We are currently embarking on a big project for my son and his baseball teammates. We were invited to a week-long, out of town tournament where the boys will be playing against ten teams from different places. To say that it is a privilege to be invited will be an understatement. This would be an experience that is good for the boys. They will be playing as a team… and they will be playing as friends.
However, since there is an age requirement and the games will not be until July, the more senior players will already move to the next bracket, thus, leaving the younger ones. But given the fact that they have been playing together for the school for two or three years now they all know each other’s strengths and weaknesses. You would think that the confidence will still be there despite the fact that some boys are already moving up.
Talking to the parents about the invitation elicited various reactions, though. At first most of them were excited… REALLY excited. They saw that this is a great opportunity for their kid. It’s not just an interschool tournament… the kids will play against teams from other countries, even. Some parents were just plain gung-ho. They were very thankful that their son was given the chance to join the team. They even offered to help in whatever way they can just to get the team there. Their first question was, “When’s the first practice?”
But then, there were parents whose first reaction was fear. Followed by doubt. Coupled with disbelief. Fear: “What if the boys there are twice as big as our boys?” Doubt: “We don’t want them to get clobbered. It will be devastating.” Disbelief: “Are our boys good enough? Maybe they should send more senior players… ours are mostly at the lower age of the bracket .” (Goodness, the age level’s 11-12. It’s either they are 11 OR 12.)
And so the strong team that we saw in the beginning started disappearing right before our eyes. Mainly because there were parents who apparently didn’t see their kids as good enough to add value to the team. What they focused on were the big players of the opposing teams. Players they have not even seen yet.
It is just plain sad.
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We all have giants to face at some point in our lives.
Life is like one baseball game… we are all on the same playing field, but the players come in different shapes and sizes. You don’t always know what or who you will be up against. That’s why we equip ourselves… we train, we improve our skills, we build our confidence… we try to make ourselves better.
We ready ourselves so that when time comes that we come face to face with ‘giants,’ we don’t cower in fear. We slug it out.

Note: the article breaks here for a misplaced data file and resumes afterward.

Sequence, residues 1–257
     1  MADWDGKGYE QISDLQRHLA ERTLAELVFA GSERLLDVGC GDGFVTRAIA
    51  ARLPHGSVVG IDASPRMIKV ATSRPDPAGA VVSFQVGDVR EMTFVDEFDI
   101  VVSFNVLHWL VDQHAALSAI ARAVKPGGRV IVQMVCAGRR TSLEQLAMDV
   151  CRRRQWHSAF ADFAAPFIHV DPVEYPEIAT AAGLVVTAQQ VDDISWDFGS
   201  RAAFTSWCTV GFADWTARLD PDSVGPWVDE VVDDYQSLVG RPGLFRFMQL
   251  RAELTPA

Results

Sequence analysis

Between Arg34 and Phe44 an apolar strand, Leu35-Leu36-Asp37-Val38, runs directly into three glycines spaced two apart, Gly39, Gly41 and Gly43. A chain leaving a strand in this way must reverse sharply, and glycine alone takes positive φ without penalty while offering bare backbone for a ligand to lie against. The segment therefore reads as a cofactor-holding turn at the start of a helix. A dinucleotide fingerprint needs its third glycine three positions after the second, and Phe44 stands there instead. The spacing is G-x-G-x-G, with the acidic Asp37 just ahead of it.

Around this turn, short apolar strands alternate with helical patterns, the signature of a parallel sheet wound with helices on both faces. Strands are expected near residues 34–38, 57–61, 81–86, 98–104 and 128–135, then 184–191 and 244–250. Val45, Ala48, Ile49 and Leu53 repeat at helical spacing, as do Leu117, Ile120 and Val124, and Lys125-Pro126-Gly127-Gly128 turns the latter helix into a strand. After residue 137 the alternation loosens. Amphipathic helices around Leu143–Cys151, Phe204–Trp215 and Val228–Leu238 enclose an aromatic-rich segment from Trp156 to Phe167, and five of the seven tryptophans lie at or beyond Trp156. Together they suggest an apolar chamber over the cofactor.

Sometimes we win, sometimes we lose. But losing isn’t all that bad if we know that we fought ‘til the end and we gave it our best. What’s sad is if we give up even before we try. The game hasn’t begun, yet we have already succumbed to defeat.
Yes, we don’t always win. There are giants that are just too big and too powerful. It is easier to give in to fear and self-doubt. But then again, what about those times when we win over problems, issues or challenges that seemed bigger than us? What about those times when we made that extra step which led us to victory when all along we thought it was a hopeless situation? What about those times when we believed in ourselves, our capabilities enough to prove that not every difficult situation is a hopeless one?
Thinking about our baseball-parent-friends and their reasons for not wanting their children to join the team… reasons that are basically motivated by fear, I can’t help but feel sad and disappointed. Here is an opportunity that practically fell on our hands… something that other children (and parents) would die for and could only hope for… But they are willing to let go of the opportunity because of fear. Fear of losing. Fear of having bigger opponents. Fear of things not being easy.
But then life ISN’T always easy.
Yes, everyone’s entitled to his or her own opinion. Maybe these parents don’t believe in the other boys enough. Maybe they don’t believe in their kids enough. Or maybe they just don’t see the value that this tournament will bring to their child. I think for my part, I just have to learn to respect their decisions. I also believe that maybe this is for the best. We wouldn’t want to have someone in the team whose heart is not in it. Maybe we are better off with other players who are willing to train, willing to fight, willing to face their giants.
Devastating loss? I believe that if you give your best, there’s no such thing as a devastating loss. You may not win the game– but the bonding, the team work, the memories… the over-all experience, these are reasons enough to make one feel victorious.
Do you only win because you scored higher… or do you win because you lived the experience?
It is all a matter of perspective.
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photos via weheartit.com